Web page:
In the Boyko land especially popular were St Jurij’s Day and Whit Sunday. In the Ukrainian Carpathians the custom of decorating cattle with garlands of spring flowers and green for St Jurij’s Days still persists. According to the tradition, the cattle decorated in such a way was never attacked by the wild animals. The meaning of the wreaths is also said to be the protection against the evil spells. The importance of this day was enhanced by the special songs, sang by the shepherds during leading the cattle to the pastures. The songs themselves are now forgotten; all we know today is that the melody is the same as that of wedding chants.
Wreaths of flowers were usually made for cows and calves. The wreaths for bulls and oxen were made of beech branches and beech leaves. After the cattle’s return, the farmers took off their garlands and tore them. They were either given to cows to eat, or the cows were showered with their remains.
A week after the birth of a child, the rite of baptism took place. The godparents were the closest neighbours. They brought a piece of cloth and put money in it. The child was baptised by the priest laying on the brought-in crosses. After the baptism, there was the celebration.
The father who wanted his son to be married, asked his neighbour to go with him to visit the parents of the chosen girl. The parents asked their daughter if she wants to marry the young man. If she accepted their choice, they informed the matchmakers of the dowry, which the girl would have. Then the bargaining took place, as both sides wanted to negotiate the best deal. After two days the young man’s parents would go to see the home of the future bride. The priest, after receiving the appropriate gifts, officially confirmed the engagement – then the official engagement celebration took place. During this gathering the gifts were exchanged. Before the wedding the priest would check the young couple’s knowledge of prayers and catechism; they also had to work one day in his household. They handed him gifts again, too. The same day they were going to invite their guests to their wedding celebrations, took part in the holy mass, and had to undergo the confession.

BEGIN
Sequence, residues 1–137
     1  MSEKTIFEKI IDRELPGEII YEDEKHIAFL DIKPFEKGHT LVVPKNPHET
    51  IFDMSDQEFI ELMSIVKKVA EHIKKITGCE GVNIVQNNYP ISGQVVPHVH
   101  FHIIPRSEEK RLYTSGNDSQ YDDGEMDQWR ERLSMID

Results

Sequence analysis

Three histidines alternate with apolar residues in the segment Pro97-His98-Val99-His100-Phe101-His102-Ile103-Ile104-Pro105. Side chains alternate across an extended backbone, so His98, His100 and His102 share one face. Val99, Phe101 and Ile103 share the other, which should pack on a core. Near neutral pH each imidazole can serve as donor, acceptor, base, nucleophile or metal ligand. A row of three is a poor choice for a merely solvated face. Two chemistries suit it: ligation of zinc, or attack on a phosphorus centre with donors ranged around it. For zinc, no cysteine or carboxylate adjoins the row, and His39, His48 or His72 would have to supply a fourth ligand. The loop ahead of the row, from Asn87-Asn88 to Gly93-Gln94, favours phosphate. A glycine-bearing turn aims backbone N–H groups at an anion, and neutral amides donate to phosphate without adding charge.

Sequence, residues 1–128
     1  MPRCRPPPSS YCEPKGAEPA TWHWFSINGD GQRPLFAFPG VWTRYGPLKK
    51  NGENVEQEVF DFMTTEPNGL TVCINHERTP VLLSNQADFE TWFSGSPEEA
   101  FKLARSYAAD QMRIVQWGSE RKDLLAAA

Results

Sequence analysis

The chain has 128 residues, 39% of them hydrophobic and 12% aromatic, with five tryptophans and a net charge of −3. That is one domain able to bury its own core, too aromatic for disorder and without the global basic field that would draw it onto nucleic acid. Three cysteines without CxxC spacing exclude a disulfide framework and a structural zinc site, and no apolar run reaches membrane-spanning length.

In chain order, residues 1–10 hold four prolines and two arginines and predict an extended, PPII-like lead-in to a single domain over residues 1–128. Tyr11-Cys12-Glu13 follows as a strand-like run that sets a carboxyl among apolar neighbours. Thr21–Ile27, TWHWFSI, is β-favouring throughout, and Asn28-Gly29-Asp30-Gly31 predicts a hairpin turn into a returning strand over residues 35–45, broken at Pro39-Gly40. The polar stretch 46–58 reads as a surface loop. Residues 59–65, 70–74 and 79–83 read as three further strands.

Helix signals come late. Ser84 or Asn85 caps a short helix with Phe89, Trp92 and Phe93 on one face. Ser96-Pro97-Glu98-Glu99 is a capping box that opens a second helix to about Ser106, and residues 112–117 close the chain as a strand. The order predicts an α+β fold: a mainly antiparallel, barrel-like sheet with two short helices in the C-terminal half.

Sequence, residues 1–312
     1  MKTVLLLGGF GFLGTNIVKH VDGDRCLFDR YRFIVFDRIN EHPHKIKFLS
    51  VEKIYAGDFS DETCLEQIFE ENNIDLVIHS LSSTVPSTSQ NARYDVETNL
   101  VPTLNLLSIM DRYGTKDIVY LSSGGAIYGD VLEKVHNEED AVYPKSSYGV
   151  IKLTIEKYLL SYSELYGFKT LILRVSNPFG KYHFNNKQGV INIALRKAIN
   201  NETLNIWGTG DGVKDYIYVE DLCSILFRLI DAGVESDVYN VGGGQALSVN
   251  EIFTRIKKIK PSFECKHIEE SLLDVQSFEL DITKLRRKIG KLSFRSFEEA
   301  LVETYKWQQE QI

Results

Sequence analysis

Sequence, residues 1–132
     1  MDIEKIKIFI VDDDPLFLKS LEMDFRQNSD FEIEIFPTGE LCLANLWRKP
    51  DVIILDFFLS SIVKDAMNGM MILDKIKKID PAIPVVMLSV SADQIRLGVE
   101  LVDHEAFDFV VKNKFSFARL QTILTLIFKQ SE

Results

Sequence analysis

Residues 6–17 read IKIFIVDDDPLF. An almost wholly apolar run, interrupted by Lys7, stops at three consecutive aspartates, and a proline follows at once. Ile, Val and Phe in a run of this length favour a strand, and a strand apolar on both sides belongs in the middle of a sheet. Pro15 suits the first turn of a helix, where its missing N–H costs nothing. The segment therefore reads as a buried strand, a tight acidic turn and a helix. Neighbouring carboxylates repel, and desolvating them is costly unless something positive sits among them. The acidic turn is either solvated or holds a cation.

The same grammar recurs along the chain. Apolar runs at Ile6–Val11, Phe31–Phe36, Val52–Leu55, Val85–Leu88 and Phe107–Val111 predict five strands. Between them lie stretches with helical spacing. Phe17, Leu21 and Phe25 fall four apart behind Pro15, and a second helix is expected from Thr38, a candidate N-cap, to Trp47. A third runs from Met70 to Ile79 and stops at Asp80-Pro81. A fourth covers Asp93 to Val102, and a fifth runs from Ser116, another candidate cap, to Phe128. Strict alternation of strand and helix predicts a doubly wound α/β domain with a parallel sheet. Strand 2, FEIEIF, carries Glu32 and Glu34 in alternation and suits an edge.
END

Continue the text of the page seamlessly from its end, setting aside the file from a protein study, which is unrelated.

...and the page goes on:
Young couple knelt in the church on the outstretched canvas. The priest led the wedding ceremony, and after they left the church, the newly wedded went straight to the inn. When the young couple returned home, they were welcomed by singing. They ate dinner in the chamber and stayed there until the evening, until a traditional rite called “oczepiny”. The dancing was what came next. The second day the celebrations took place in the groom’s house.
The funerals also had their special settings. Next to the body of the deceased a cross and candlesticks were placed. He or she was dressed and laid on the bench covered with white cloth. The dead were dressed in a special outfit before their bodies were put into coffins. For example, young people were dressed in their wedding robes. Every-day use objects were put into the coffins, so they could accompany the dead to the new life. On the lid of the coffin the cross was painted. The four corners of the coffin were covered with salt, then licked by the family while its members were circling it around, which was supposed to keep away the evil spirits. After the funeral, a wake took place.